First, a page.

Indian Society Confession Husband Marriage patriarchy orthodoxy in-laws

I Became A Rebel After My Marriage To Fight Patriarchy

( words)
*For representational purpose only.

I met this guy through a matrimonial site. He seemed decent, passionate, happy-go-lucky, had a dashing personality and a good family background – a joint family with an age-old family business in a small town. Though I sensed that his family was quite religious and orthodox, I liked the boy. Soon, our parents got involved and we got married in 2015.

I am always surprised how in our society, simply the caste and financial stability hold utmost importance while fixing a match. I remember telling my parents that even though I liked this boy, the match may not be good as we both had lived totally different lifestyles.

I am a girl who comes from one of the top cities in the country (my mother was a working lady). I have had equal opportunities, I am outgoing and I have lived my life as a tomboy. As for the match, this guy comes from an orthodox- joint family in a small town, and he has seen ladies only doing housework all his life and his family fearing God. In my parents’ view, he was good looking, a dashing businessman with a similar financial background and belonged to the same caste. And since I liked him, all this was more than enough to arrange the marriage.

As my wedding was approaching, I started to realize that the family was way too orthodox. And by this I mean that they were the kind who are firm believers of patriarchy.

I was totally devastated when just a few days before our wedding, a lady from my in-laws’ side called me and asked about the dates of my period and since they were near the mega event, I was told to visit the doctor to alter my cycle. My parents had already invested money by then, they had already booked the venue and arranged catering. Indian families invest huge amounts for their daughters’ weddings. To back off then would mean to waste the money. I gave in and went against nature. Then I got married and there were N number of times when I observed and experienced the secondary status of women in their house.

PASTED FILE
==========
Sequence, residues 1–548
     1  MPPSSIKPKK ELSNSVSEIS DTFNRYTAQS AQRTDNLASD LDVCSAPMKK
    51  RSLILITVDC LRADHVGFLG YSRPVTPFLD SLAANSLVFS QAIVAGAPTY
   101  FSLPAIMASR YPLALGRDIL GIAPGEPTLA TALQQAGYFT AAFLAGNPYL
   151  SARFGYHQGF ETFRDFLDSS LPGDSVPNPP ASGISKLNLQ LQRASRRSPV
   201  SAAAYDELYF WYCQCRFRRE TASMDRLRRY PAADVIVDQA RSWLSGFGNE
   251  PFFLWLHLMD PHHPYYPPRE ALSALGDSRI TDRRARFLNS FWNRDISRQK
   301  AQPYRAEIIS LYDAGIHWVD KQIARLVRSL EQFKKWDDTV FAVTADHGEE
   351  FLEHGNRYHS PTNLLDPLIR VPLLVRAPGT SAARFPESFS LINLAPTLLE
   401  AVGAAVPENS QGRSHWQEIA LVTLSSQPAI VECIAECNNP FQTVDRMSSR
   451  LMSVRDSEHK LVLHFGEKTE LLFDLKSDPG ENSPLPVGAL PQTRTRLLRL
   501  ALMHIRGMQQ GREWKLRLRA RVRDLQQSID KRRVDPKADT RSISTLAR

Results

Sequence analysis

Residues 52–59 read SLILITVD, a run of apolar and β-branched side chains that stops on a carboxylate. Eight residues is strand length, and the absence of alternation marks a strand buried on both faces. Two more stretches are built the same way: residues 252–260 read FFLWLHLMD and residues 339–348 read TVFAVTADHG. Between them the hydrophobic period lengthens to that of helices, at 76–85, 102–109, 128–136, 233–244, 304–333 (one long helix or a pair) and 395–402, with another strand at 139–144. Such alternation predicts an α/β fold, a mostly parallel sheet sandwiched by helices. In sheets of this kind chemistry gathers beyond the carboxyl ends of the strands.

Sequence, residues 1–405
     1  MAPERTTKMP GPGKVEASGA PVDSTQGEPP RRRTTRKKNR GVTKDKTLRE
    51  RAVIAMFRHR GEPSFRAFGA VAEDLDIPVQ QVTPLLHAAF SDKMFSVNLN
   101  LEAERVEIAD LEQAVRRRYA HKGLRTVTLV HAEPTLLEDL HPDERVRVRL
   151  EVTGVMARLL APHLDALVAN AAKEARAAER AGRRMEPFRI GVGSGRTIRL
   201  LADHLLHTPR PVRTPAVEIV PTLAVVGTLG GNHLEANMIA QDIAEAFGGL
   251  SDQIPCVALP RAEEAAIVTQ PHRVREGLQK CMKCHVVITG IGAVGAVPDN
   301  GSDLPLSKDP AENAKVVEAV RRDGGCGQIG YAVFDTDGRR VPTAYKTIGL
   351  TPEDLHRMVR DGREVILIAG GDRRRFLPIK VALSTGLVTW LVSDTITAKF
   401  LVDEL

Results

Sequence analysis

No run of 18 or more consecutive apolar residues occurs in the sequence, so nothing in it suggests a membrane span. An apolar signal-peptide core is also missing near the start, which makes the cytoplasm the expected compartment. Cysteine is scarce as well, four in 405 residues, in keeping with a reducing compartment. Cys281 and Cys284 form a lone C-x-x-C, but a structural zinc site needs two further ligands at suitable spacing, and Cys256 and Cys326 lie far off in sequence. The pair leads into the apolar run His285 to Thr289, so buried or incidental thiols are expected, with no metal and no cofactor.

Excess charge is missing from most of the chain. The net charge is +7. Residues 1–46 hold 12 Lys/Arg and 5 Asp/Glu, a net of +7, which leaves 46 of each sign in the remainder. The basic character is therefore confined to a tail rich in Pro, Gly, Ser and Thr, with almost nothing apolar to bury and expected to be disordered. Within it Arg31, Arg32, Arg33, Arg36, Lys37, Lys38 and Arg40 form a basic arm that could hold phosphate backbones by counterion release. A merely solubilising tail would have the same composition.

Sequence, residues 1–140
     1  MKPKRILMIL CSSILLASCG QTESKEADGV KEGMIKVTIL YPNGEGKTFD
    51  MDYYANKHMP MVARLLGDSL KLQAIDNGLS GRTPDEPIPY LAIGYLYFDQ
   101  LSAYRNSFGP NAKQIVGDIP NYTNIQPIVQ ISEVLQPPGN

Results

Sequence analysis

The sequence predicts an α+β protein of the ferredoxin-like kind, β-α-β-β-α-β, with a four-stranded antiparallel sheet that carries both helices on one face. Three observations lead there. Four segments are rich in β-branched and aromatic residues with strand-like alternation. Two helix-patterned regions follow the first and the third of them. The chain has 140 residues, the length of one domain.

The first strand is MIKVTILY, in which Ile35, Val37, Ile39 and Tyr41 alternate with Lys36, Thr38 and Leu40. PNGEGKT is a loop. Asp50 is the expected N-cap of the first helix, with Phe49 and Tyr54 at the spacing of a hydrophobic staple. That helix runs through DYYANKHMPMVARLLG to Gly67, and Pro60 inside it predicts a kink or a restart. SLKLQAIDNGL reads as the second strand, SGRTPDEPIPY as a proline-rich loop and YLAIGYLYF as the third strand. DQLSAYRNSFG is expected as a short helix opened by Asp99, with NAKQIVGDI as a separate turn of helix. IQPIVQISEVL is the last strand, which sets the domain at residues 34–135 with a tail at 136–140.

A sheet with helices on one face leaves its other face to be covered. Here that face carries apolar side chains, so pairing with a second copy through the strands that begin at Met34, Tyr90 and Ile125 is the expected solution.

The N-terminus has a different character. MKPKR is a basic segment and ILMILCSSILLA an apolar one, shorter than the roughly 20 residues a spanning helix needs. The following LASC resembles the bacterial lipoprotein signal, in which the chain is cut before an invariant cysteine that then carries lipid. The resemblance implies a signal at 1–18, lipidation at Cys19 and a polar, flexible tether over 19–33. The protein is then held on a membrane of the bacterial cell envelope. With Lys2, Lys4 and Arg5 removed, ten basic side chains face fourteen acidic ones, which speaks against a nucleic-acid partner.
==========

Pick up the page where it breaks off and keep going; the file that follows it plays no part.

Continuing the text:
I rebelled and so I went in the bad books of not only my in-laws but also of my maiden relatives. I stopped wearing a mangalsutra, and bangles, and sindoor. I stopped serving food to men while having meals together. I could not consider myself as being secondary or a servant. 

I was planning to step out from this marriage. I went into depression, and I tried to commit suicide by consuming sleeping pills. My husband was in the hospital by my side. My choice was not wrong, my husband always extended full support to me. He was an empathetic man who bagged the idea of equal status. He tried his best to convince his family of changing times. He spoke up for me and for the other ladies of the house. And he did this without hurting them.

Though some would taunt him that he is a ‘Joru ka Gulam’, he shook it off by comforting me with the thought that whatever you do, people are going to go against you. He stood unshaken, for me and for the ladies of the house. And so, we both are trying to bring a change in this house. Of course, it will take time, maybe even years, to bring the desired change. But it will happen.

I have always believed that in India, marriages do not happen between two individuals but between two families, and hence there should be a compatible space not just between the husband and wife but also their families.

Marriage is not just about procreation and support. It's much more than that. Satisfaction of emotional, financial and sexual needs are not the only important factors in a marriage. Satisfying individual intellectual needs and respecting each other’s choices, is equally important. 

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